The following day, the 1,000-foot motor vessel Maersk Kure located an overturned hull that matched the description of the Cheeki Rafiki, but found no sign of the sailors. Following reports from the ship, it was though the missing men could be adrift in the 12-man life-raft the yacht was known to be carrying.
The US Coast Guard is in the business of search and rescue and they know how long a man can survive in the cold waters of the North Atlantic. In this case they put that figure at 20 hours. However, they flew for 53-hours, covering 4,000-square-miles of ocean, before calling off the search.
At this point an incredible thing happened. A petition was begun on social media asking the US Coast Guard to restart the search. A reported 250,000 people signed the petition, myself included. Then the British prime minister added his weight to the argument, making a request on behalf of the families of the missing men to restart the search.
After a break of 48-hours the US Coast Guard, supported by the Rescue Wing of the U.S. Air National Guard, the Canadian Coast Guard, and the RAF restarted the search.
During the new search, a US Navy warship relocated the overturned sailing vessel and dropped a diver into the water. The swimmer reported finding the yacht’s life-raft still secure in its storage space in the aft portion of the boat, indicating the crew had been unable to deploy it.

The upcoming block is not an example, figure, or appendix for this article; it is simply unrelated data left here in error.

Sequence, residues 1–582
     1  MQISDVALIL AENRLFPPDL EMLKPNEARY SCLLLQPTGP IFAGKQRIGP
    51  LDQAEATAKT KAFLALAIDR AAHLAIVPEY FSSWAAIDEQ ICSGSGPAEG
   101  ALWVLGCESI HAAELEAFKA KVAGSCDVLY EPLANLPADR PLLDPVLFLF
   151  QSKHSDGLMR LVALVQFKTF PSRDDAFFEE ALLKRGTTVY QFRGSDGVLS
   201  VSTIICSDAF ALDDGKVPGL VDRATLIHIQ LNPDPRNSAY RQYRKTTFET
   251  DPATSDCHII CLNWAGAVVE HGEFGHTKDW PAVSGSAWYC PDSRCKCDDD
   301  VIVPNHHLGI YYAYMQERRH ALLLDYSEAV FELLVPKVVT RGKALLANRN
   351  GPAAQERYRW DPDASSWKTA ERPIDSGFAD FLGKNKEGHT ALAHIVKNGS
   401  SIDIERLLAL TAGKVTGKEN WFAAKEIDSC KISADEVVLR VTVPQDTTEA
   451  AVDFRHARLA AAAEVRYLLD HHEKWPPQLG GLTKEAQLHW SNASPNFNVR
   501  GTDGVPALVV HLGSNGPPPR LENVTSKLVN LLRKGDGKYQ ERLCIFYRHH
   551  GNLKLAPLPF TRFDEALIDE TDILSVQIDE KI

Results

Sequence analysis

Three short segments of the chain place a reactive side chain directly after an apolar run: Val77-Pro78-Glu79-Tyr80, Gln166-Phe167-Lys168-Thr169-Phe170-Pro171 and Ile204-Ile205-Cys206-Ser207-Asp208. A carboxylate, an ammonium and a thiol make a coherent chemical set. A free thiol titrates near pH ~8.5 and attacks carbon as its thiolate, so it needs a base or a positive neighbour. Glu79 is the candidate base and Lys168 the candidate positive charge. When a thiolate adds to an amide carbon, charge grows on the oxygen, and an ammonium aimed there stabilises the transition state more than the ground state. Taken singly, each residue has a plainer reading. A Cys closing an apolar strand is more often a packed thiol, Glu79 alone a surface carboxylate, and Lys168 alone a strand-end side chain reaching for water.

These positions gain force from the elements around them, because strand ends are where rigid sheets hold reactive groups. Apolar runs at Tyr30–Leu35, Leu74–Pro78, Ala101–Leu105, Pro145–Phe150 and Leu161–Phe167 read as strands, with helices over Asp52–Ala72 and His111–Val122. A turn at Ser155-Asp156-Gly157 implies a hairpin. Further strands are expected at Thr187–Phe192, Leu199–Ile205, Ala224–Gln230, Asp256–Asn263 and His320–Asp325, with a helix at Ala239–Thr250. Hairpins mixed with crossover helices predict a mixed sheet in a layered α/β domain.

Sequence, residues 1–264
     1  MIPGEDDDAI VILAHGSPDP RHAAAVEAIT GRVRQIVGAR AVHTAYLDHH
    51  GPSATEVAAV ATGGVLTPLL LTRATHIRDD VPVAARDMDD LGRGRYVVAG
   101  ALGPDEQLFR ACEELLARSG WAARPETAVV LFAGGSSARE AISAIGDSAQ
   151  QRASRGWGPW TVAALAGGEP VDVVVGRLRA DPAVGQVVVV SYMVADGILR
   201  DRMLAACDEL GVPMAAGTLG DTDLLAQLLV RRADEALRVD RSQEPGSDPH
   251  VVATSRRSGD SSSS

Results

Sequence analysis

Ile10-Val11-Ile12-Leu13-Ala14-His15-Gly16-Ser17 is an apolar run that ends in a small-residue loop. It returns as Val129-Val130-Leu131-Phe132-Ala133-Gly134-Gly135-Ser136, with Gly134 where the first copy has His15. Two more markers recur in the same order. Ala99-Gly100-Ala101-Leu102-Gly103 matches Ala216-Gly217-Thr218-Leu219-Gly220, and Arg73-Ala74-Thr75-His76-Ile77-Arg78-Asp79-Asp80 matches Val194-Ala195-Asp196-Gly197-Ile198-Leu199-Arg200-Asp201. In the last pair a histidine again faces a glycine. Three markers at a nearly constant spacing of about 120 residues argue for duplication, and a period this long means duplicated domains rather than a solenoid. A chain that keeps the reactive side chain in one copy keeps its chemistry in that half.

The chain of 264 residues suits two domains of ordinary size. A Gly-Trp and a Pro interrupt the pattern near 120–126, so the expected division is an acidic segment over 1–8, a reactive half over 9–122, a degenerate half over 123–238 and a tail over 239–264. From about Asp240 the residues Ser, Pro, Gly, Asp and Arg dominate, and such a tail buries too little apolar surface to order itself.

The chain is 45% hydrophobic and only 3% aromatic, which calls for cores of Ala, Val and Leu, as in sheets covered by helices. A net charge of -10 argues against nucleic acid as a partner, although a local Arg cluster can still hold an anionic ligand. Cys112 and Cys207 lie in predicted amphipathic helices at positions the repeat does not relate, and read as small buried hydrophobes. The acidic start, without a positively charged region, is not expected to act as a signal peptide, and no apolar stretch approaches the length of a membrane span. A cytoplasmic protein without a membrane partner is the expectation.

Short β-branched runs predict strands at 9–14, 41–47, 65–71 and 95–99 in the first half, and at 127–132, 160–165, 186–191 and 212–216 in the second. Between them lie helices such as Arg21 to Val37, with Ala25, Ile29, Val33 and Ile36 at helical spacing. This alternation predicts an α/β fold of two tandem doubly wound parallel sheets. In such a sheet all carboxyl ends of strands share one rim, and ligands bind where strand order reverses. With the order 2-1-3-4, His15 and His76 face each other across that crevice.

Following this discovery, the search was abandoned.
This is a brutal story that demands answers and I’m sure there will be a full enquiry.
The following are my own observations.
What struck me as odd was the lack of an EPIRB signal. It could be that the yacht wasn’t carrying one although I find this hard to believe of an experienced crew making another Atlantic crossing. I think it more likely that they were carrying a manually activated EPIRB and it was stowed below. If that was the case then it makes a strong argument for automatic EPIRBs with hydrostatic release.
This brings us to the life-raft. The boat was carrying a 12-man life-raft which the US Navy confirmed hadn’t been deployed. For the voyage to the UK the yacht had a crew of four, although she would race with many more, and this is probably the reason for such a huge life-raft. A 12-man raft would be heavy and cumbersome and, if stowed below or in a cockpit locker, incredibly difficult to launch once the boat went over. Would it have helped to have deployed the raft as soon as the yacht started taking on water and towed it astern? We will never know.
The PLBs activated by the crew did their job and are smart things to carry, but it must be remembered that small locator beacons have a far shorter battery life than a full size EPIRB.
Apparently the yacht was not carrying a satellite phone and was instead communicating with their UK base via onboard email. This tragedy has shown me that in a catastrophic loss, like dropping a keel and capsizing, having a phone onboard could be what saves your life.
I suspect that this whole incident began with a small leak, one that in the beginning the four men were able to deal with. Once the keel fell off then the boat would immediately roll over leaving no time for anything but a terrifying scramble for survival in the cold sea.